Re: [baidarka] New Member with questions

Subject: Re: [baidarka] New Member with questions
From: Peter Chopelas (
Date: Tue May 18 2004 - 13:43:30 EDT

> "Building a Skin-On-Frame Boat". I have some questions about
> especially lashing.


I looked over your pages, and it works looks pretty typical. You will find
as many ways to lash the hull as there are builders, there is no "correct"
way to do it, other than what holds together acceptably. The lashing will
usually fail from long term abrasion, not unraveling. There is a theory
that the natives actually lashed loosely to make the hull more flexible and
reduce the wear at the joints, though most modern builders do it just like
you have with good results (we do not really use our kayaks as often or
severely as the natives did anyway). If you are concerned about unraveling
the knots you can either glue them or double tie the ends and leave some
short length, or before you cut them off, tuck it through the lashing to
secure it. I have found that when you finish the wood, several good coats
of finish over the lashings also help secure the knots, and protect it some
from abrasion.

The only concern I would have over your method is the use of the scarfed
gunwales. These provide all of the strength and stiffness to the hull, and
having scarfs within about 2 feet either side of the cockpit (the highest
stressed part of the gunwales) seems a bit risky. I just do not trust glued
joints that well and would personally avoid scarfs in this area. You may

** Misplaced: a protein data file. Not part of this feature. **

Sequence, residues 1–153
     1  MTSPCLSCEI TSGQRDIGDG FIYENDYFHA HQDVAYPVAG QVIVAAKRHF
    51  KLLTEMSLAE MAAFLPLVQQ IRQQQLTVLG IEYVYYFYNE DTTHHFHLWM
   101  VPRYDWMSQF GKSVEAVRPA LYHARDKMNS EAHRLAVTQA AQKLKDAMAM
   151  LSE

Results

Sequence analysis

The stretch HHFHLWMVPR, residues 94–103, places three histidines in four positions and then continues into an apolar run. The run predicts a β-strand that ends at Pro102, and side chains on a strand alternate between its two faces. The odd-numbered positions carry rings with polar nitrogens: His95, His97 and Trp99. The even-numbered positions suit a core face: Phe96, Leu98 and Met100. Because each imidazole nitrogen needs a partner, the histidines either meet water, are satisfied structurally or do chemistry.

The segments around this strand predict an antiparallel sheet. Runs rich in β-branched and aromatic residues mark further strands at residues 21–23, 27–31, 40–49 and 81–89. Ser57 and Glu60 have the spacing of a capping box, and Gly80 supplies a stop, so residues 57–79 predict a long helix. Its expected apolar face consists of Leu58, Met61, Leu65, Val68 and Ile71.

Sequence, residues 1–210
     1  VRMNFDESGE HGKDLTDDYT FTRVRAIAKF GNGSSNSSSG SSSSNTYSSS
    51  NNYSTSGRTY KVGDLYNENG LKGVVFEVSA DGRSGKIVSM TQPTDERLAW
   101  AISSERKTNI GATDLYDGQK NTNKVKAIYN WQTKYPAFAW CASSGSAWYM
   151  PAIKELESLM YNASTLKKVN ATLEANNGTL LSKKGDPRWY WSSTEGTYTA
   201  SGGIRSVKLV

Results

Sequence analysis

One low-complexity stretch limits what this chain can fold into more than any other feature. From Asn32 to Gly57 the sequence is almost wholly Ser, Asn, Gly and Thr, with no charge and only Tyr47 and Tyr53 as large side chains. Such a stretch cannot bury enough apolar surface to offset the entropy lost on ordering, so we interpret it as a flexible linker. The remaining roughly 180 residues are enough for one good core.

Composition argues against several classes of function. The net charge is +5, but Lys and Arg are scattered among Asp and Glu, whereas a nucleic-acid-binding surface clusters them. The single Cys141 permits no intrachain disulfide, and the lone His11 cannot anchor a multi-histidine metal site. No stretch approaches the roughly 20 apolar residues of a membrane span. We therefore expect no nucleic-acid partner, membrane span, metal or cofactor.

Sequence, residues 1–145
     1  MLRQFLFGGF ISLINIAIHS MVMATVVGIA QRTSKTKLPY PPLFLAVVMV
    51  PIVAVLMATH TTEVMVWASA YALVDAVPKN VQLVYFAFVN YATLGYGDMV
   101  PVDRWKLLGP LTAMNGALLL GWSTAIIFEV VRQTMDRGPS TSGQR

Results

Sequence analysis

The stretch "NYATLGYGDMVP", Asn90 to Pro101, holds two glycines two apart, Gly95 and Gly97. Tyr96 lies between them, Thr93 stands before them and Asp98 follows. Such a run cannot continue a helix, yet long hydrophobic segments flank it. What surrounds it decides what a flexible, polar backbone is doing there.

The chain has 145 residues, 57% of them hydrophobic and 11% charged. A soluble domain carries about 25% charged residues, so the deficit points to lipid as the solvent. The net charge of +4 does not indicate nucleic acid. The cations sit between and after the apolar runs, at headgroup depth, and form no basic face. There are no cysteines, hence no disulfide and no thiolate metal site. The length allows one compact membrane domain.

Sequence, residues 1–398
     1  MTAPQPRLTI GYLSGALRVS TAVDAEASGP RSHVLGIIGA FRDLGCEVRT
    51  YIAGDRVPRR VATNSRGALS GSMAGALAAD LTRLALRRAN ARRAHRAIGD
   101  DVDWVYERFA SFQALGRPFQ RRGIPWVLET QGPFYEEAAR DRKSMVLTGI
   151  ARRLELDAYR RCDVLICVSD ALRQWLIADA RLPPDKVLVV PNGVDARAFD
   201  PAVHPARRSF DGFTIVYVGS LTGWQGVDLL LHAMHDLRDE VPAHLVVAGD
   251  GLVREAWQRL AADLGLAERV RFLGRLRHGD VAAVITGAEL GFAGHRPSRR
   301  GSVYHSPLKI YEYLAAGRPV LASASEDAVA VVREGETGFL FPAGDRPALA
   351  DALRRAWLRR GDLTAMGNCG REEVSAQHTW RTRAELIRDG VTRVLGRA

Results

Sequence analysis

have different experience with this, but I always try to find salvage lumber
long enough to create one piece gunwales. Since the center third is the
highest stressed area, this is especially critical that there be no defects
in this part of the gunwale. Scarfs on the chines and other stringers are
okay since the loads are much lower and they are not structurally critical
(a failed stringer will not cause the hull to buckle). You may still be
okay since I have noticed that Morris instructs you to use much heavier
lumber ( and larger hulls too), than many experienced SOF builders will use
on their kayaks. So I think Morris is being more conservative than
necessary on hull strength.

I was amused by your attempt to build a $40 boat. I have done this several
times with skin on frame kayaks. The first one I used all salvaged lumber
that I recut on a table saw (I did not require any scarfs), I used left over
wood finish and used oil based house paint I had laying around (I think I
bought them at a garage sale for 50 cents each per gallon can) for the
fabric sealant. The most expensive part was the fabric, about $25 since I
wanted a one piece skin (I understand others have actually sewn together
large scarps they got somewhere, but I wanted a one piece skin). I spent
less than $10 on shock cord, some small plastic cleats and stainless screws
to mount the deck rigging, though I could have made and mounted the deck
rigging from salvaged supplies. I estimate it cost about $35 in materials to
build. Most of my SOF cost much less than $100 to build buying the fabric,
stringer lumber and skin sealant (only to save time). I thought it would be
kind of fun to see if I can build a kayak with all salvaged materials for
little or no cost (kind of like the way native builders did, all using
"found" materials!).

Keep us up to date.

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